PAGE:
Dead Woman Walking: An Unsolicited Review of Young Adult

While I am straddling the age of having an opinion that matters and being forced to watch CBS only programming, I would like to spew my distaste for Young Adult. Forgetting anything you think about Diablo Cody, assuming you do, please know that I had advance screening passes for this film, such was my excitement. But my apathy won out and I waited three whole weeks for it to end up on the Internet. A premise of an adult who possesses the emotional maturity of a teenager. But not a quirky Hollywood fast-talking teenager, but a selfish, shallow, grown up with issues. This can all be surmised from the trailer because she is wearing a Hello Kitty shirt. And eating at a KFC. To contrast her flightiness and her totally realistic goal of breaking up her married with child ex-boyfriend of oh let's say a decade, we have Patton Oswalt. Patton Oswalt is a comedian who is overweight, enjoys geekery, and seems content with typecasting. His character has crutches because some jocks in high school beat him up because they thought he was gay. Talk about your high and low comedy. The movie is predictable in manners, because the characters are written in such a way as to envelop you in the verisimilitude of suck that is modern life. The most upsetting part of this movie is not that shitty kids grow into shitty adults, it is a scene in which Patton Oswalt talks about how Charlize Theron ignored him in the best years of his life. He says, "Guys like me were born to love girls like you" and they have cheap, drunk sex because Charlize Theron is a bitch. Couldnt give any integrity to the crippled non-fag? He couldnt turn her down? Bitterness and integrity are side by side, almost like being in love.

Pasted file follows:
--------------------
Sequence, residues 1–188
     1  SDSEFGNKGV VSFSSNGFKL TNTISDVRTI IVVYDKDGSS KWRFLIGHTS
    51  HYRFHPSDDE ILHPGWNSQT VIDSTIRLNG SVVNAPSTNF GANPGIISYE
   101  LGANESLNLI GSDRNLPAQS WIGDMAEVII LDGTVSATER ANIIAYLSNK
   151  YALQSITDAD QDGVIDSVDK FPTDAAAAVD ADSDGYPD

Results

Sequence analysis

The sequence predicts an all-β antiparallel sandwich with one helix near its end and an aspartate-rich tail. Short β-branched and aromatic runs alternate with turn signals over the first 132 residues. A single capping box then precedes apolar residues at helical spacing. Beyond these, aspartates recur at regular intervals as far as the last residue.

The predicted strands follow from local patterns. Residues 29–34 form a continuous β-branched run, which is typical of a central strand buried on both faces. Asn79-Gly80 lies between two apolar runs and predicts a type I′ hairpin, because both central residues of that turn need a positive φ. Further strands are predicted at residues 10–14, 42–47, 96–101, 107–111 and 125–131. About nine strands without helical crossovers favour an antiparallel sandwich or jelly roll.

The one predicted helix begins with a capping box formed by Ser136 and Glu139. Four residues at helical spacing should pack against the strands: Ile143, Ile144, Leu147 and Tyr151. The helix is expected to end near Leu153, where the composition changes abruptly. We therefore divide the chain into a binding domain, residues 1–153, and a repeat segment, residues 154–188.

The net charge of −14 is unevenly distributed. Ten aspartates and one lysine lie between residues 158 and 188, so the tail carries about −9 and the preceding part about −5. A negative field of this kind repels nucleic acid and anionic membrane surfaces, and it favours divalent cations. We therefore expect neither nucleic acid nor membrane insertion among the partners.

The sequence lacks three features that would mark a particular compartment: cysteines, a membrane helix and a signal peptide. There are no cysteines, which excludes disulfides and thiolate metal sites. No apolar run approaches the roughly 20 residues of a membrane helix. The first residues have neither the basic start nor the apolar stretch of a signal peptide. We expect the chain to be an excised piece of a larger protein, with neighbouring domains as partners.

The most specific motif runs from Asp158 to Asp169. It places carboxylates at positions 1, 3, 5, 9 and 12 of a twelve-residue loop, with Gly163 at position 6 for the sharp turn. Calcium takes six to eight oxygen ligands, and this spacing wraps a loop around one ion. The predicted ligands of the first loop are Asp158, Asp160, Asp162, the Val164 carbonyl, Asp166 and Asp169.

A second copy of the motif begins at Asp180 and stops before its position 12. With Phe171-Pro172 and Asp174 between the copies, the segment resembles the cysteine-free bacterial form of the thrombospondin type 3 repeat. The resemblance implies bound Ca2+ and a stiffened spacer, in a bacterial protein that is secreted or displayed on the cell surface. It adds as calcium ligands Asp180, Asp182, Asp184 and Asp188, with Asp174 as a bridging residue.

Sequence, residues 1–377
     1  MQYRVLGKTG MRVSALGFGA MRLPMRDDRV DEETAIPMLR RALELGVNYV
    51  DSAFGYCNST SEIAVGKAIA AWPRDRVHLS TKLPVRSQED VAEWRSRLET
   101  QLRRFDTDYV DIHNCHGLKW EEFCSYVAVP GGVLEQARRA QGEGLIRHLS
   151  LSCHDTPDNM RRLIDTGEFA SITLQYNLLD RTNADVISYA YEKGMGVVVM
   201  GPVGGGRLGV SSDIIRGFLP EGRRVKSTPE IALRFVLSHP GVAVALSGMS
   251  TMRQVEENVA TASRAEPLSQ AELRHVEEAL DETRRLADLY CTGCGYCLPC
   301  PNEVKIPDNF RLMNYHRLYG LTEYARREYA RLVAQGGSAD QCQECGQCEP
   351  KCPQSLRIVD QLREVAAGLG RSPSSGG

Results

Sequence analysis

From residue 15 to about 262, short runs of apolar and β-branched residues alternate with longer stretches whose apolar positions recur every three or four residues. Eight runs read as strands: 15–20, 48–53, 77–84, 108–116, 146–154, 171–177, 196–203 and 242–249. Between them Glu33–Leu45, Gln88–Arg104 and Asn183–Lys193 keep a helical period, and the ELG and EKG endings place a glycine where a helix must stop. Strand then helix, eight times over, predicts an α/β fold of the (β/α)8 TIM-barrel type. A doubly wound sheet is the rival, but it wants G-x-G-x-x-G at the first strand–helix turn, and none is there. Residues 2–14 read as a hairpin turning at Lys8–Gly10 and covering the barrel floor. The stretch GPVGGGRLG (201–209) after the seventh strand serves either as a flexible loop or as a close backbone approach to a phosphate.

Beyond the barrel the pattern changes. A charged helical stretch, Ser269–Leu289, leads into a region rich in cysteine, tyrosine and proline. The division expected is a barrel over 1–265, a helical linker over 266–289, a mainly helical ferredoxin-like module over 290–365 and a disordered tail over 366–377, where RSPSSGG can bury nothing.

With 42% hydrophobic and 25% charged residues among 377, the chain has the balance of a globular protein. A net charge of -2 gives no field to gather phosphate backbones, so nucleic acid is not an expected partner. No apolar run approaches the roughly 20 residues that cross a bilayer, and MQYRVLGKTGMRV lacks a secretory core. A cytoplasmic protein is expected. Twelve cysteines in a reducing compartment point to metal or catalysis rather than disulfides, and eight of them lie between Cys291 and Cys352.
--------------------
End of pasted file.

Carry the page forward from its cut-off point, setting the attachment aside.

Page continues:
Which brings me to reception of this film on Facebook, which seems to be glowing.  When middle-aged suburbanites have to lie about relating to a character that is grotesquely narcissistic, the great sadness of dysfunction widens into a galaxy. This galaxy is not only at an uncomfortably close distance, but contains everything from I feel nothing "ambivacore/wannabe cutters/failed nihilists (or English majors)" to the "I feel everything with the intensity of 100 hits of acid and the first Strokes LP". Our generation clings to the notion of Arrested Development, not just because the show was an indie smash I hope, but the genuine desire to prolong adolescence until death. A recursive nostalgia loop in which we realize a satire of a satire of a satire is not an art-form but a coroner's report.

1 comment:

  1. Bravo! You should write reviews more often, love your style!